The Court recently added this case to its docket in which they will need to decide if the Biden administration violated the First Amendment when asking social media companies to monitor speech online by taking down posts that circulate misinformation.
Respondents claim that the Biden administration actually censored conservative speech when they removed posts containing Covid-19, election integrity and other misinformation.
Oral arguments have not been scheduled yet.
First Amendment: Lindke v Freed and O’Connor-Ratcliff v Garnier
In these consolidated First Amendment rights cases, the court is being asked to define whether the speech a public official uses on social media to communicate job-related matters is considered state action and if blocking people violates the First Amendment.
In both cases, the petitioners (who are public officials in their respective towns) were sued by residents for blocking them or removing their comments from their Facebook or Twitter pages.
Oral arguments are set for 31 October.
The ruling in this case will set general rules as to how public officials may use social media when communicating about their jobs. If the court rules in favour of the respondents, government and public officials will likely have to completely separate official social media accounts from personal accounts.
Criminal law: Pulsifer v United States
In this criminal law case, the court is being asked to specify what the word “and” means in a sentencing statute provision of the First Step Act.
The provision allows individuals with nonviolent drug offenses to qualify for shorter sentencing so long as they do not have a lengthy criminal history, prior serious offense and prior violent offense. However, the language makes it unclear if a defendant qualifies for a shorter sentencing so long as they do not meet all three or if they are no longer qualified if they meet any single one.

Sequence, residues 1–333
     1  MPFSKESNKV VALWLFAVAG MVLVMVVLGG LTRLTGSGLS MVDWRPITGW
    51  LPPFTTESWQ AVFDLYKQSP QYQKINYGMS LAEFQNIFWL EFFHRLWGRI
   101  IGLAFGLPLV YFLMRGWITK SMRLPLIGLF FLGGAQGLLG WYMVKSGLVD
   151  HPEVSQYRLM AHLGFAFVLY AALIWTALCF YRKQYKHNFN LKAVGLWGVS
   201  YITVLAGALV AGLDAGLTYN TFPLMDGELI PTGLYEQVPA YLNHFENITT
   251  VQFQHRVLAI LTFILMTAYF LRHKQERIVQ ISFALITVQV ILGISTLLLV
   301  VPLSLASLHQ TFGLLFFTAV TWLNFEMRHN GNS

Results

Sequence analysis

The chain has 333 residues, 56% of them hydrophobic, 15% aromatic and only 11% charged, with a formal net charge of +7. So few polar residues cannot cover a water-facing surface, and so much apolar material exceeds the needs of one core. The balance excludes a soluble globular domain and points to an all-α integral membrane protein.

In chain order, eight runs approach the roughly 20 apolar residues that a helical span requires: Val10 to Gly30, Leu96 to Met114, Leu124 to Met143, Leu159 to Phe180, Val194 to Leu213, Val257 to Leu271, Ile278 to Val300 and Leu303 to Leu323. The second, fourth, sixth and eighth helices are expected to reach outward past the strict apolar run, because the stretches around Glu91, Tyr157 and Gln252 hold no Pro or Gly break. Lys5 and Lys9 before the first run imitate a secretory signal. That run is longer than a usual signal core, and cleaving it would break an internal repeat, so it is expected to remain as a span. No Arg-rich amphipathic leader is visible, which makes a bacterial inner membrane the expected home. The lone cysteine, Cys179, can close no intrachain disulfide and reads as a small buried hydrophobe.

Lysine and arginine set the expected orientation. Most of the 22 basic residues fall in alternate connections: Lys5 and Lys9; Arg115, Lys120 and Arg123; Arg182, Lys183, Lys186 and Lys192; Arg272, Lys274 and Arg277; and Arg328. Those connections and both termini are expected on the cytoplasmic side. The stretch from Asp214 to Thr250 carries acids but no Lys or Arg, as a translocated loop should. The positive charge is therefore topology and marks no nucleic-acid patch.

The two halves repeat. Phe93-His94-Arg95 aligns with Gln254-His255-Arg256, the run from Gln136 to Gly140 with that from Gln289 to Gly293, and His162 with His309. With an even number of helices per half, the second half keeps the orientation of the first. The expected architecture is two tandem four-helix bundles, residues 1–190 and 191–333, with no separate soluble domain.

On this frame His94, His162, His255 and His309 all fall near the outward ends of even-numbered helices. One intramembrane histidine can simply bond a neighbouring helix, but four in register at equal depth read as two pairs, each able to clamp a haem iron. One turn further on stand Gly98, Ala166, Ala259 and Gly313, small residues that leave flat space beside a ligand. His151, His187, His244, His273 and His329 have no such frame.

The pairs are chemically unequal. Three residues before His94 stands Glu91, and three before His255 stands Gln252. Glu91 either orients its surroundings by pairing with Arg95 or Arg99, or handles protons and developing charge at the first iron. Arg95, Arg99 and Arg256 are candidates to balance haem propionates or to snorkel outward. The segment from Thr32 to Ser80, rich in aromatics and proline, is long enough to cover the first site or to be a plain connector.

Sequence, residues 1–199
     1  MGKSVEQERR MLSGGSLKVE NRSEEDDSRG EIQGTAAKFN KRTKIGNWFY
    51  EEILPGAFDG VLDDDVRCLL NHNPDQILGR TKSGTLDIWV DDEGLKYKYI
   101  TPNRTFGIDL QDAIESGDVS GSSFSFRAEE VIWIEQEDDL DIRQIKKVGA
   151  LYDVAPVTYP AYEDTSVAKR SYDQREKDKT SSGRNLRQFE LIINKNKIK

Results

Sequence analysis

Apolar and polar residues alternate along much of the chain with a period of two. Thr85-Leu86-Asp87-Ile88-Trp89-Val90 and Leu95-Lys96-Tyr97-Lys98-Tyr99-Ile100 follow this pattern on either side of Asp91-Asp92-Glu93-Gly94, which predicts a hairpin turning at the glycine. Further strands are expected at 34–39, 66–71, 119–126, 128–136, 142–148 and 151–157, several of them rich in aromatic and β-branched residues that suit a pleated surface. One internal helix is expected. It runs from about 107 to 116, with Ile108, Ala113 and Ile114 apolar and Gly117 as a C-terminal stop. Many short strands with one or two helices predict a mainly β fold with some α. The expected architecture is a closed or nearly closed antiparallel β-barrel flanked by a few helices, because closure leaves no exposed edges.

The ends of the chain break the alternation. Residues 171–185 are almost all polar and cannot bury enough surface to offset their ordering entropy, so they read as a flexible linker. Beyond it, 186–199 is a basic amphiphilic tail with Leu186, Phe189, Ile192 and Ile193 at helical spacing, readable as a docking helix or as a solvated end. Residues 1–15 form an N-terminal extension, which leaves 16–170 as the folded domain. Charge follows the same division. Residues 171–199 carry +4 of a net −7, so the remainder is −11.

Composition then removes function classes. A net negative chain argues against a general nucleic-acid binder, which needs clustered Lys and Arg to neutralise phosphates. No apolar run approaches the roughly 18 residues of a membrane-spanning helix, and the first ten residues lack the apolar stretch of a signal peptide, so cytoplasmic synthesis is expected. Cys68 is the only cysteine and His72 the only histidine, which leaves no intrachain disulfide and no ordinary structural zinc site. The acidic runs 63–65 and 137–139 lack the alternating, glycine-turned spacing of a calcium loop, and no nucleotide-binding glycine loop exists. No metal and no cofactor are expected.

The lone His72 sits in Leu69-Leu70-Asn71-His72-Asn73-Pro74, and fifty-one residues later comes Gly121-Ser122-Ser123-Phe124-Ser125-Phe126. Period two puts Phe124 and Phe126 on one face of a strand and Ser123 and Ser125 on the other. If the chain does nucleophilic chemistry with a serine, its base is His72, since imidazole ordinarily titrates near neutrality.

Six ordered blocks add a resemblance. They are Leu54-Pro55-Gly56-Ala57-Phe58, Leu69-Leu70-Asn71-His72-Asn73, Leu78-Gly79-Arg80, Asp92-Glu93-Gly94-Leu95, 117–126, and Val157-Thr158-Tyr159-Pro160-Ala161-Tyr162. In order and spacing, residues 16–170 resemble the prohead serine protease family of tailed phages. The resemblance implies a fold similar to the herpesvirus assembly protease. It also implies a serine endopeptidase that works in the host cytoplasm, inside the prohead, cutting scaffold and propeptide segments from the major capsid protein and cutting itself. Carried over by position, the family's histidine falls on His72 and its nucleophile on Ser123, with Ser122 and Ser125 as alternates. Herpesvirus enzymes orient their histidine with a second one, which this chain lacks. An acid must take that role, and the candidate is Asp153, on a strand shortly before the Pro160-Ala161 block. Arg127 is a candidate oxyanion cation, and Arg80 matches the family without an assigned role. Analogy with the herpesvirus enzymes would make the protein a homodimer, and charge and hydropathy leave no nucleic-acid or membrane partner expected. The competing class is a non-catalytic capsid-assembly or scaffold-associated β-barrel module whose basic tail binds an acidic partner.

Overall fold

Though the specificity of the word seems arbitrary it will determine if thousands of defendants in federal person could benefit from shorter sentences.
The court heard arguments on 2 October.
Trademark infringement: Vidal v Elster
Justices are being asked to decide if refusing to register a mark that criticises a government official or public figure violates the First Amendment.
The case has to do with Steve Elster’s attempt to register “TRUMP TOO SMALL” so he could sell it on t-shirts. It was rejected because US Patent and Trademark Office claimed he needed the written consent of Donald Trump since it used his last name.
— TTABlog (@TTABlog) January 27, 2023
Justices are set to hear arguments on 1 November
A ruling in this case will determine if political speech about a public figure or government official can be trademarked. A decision in favour of Mr Elster would mean people in public official positions could lose some rights to name protections.
Bankruptcy code law: Harrington v Purdue Pharma
The Court is being asked to determine whether bankruptcy law allows for people who aren’t bankrupt to be protected by liability releases.
It stems from the settlement between Purdue Pharma and victims who overdosed on the company’s opioid drug, OxyContin. Purdue Pharma claimed bankruptcy – but the Sackler family, who owns Purdue Pharma, did not. In a deal the bankruptcy deal, the company agreed to pay victims in exchange for a liability release that shields the family from future civil lawsuits.
Oral arguments are set for 4 December.
A ruling in the case can be consequential for wealthy individuals or companies who are no strangers to using bankruptcy claims to get out of liability suits.